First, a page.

In July 2016, just over three months after stepping down from his treasury position, Sir Nicholas Macpherson said in a Times article, Architect of No campaign now backs Scottish independence (this article was based on one in the FT on 8th July 2016 – The case for Scottish independence looks stronger post-Brexit), that Brexit presented an extraordinary opportunity for an independent Scotland to attract skills and investment and that the UK’s decision to leave the EU “changes terms of debate north of the border” where Nicola Sturgeon had bolstered the Scottish government’s “fiscal credibility” since she took charge.
EU membership would provide access to the biggest market in the world
The original FT article pointed out that Brexit provided an opportunity for Scotland to reasses its economic prospectus. EU membership would provide access to the biggest market in the world without the raft of uncertainties that will bedevil rUK for many years into the future. To succeed an independent Scotland would not want to tie its currency to that of a country determined to distance itself as much as possible from the EU, so Sir Nicholas advocated the creation of a Scottish pound and a central bank. Such an arrangement might see Scotland then following in Denmark’s footsteps where its central bank shadows the euro. With its own currency Scotland could respond to any oil shocks as “Interest rates and the Scottish pound could take the strain smoothing any adjustment in the real economy.”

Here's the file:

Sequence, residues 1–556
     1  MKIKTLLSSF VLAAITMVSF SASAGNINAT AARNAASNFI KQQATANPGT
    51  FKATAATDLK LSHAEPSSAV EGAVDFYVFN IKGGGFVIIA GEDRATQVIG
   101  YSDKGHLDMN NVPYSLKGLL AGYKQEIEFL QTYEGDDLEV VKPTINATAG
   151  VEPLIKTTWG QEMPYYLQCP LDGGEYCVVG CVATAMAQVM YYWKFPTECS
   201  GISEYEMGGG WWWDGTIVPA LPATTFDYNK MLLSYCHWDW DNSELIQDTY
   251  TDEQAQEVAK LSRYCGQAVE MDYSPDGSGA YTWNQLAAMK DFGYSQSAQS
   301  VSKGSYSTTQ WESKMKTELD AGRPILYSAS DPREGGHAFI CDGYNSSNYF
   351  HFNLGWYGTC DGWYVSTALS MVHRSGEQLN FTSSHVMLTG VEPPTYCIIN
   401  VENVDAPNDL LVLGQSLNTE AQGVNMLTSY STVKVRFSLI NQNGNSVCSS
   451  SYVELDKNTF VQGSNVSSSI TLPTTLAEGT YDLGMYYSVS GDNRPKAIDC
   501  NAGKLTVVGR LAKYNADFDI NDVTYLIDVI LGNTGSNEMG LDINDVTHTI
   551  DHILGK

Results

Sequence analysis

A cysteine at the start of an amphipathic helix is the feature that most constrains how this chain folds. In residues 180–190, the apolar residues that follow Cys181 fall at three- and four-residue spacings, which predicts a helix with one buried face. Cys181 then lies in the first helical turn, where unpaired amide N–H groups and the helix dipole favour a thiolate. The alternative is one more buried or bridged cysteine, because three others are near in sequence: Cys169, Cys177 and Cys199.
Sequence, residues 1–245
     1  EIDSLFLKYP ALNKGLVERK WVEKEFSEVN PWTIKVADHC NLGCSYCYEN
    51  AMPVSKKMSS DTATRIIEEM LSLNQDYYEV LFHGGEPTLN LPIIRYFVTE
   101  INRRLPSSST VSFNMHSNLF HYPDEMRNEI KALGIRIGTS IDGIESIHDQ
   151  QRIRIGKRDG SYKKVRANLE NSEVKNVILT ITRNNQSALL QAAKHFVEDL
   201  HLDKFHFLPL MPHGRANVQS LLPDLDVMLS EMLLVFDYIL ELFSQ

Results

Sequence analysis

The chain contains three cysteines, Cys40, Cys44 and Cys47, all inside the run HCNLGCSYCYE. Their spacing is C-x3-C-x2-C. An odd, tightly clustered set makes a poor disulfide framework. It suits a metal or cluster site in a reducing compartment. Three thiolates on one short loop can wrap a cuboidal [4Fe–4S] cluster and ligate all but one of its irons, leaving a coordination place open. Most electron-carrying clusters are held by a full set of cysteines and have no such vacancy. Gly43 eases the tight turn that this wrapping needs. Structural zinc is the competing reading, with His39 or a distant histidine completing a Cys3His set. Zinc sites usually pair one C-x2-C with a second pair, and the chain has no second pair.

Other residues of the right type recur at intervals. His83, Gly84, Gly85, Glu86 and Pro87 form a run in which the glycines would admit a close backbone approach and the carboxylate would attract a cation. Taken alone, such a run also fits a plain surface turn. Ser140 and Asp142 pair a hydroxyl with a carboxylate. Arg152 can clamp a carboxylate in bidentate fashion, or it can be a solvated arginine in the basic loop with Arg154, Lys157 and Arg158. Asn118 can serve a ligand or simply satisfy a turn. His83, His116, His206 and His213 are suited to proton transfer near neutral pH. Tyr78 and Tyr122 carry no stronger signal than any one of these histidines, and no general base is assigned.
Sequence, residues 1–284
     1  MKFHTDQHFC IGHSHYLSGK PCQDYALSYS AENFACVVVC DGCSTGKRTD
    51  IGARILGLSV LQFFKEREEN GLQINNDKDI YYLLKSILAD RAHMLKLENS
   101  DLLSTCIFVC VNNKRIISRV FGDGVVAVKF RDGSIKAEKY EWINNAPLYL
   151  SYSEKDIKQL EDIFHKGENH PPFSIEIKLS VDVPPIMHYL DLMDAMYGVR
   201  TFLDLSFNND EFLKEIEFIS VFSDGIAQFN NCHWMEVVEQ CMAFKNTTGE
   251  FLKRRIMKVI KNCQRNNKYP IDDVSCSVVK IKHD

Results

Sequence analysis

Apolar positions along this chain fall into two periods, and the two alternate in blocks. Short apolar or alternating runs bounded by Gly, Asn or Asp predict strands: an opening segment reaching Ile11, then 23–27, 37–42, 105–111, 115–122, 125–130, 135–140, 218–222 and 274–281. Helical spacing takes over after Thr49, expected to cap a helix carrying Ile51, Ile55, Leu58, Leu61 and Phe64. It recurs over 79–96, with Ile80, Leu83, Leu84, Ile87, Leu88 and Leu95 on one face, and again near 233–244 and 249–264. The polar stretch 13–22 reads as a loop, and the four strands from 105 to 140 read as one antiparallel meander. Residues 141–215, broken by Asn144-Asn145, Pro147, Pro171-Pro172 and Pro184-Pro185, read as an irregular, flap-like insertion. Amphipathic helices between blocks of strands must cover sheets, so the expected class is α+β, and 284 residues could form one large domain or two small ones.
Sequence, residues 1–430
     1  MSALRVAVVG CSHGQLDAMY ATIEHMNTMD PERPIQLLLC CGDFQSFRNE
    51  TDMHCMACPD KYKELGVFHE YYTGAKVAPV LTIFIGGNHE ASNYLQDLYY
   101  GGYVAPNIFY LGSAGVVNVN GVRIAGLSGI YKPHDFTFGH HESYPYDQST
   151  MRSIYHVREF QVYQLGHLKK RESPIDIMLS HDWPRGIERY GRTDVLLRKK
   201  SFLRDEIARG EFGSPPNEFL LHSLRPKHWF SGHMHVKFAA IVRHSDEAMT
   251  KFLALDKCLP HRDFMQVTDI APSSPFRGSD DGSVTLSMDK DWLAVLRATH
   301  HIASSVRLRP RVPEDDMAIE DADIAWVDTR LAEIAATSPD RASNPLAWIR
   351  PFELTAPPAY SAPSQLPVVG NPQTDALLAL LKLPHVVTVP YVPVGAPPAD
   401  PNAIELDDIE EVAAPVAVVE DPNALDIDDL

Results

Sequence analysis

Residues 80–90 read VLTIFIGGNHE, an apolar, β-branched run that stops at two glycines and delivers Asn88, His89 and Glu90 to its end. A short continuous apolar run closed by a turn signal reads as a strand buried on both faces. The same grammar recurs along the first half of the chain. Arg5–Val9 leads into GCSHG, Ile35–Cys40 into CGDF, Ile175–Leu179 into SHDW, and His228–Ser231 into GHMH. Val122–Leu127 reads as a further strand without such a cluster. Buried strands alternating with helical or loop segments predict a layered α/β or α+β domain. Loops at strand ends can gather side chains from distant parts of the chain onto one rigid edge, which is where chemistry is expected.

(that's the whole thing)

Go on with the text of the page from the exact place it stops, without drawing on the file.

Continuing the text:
An independent Scotland’s wish to rejoin the EU at an early date would attract inward investment along with highly skilled migrants, allowing it to grow its economy.
Sir Nicholas ends his FT article by reflecting on the aftermath of the EU referendum and the lessons to be learnt from that, top of which he places an economic strategy with a long-term vision. Such a plan would make winning a referendum more likely, and allow Scotland to hit the ground running when it rejoined the EU.
So, proof that when the Westminster says ‘No’ it often doesn’t mean ‘No’.
In an article in the National on 14th July 2016 Michael Fry referred to Macpherson’s article, and went on to write:
Far more important, in Nick’s view and in mine, is that we should set about a programme of economic convergence with our European friends and neighbours, to show them we mean business, to make us more acceptable to them as full members, and to cash in on their undoubted sympathy for Scotland’s plight in being dragged out of the EU against its will. Once on the path of convergence,we will of course be pushed off from time to time, as fresh economic crises arise. That should not stop us constantly proclaiming our determination to stick to the long-term plan.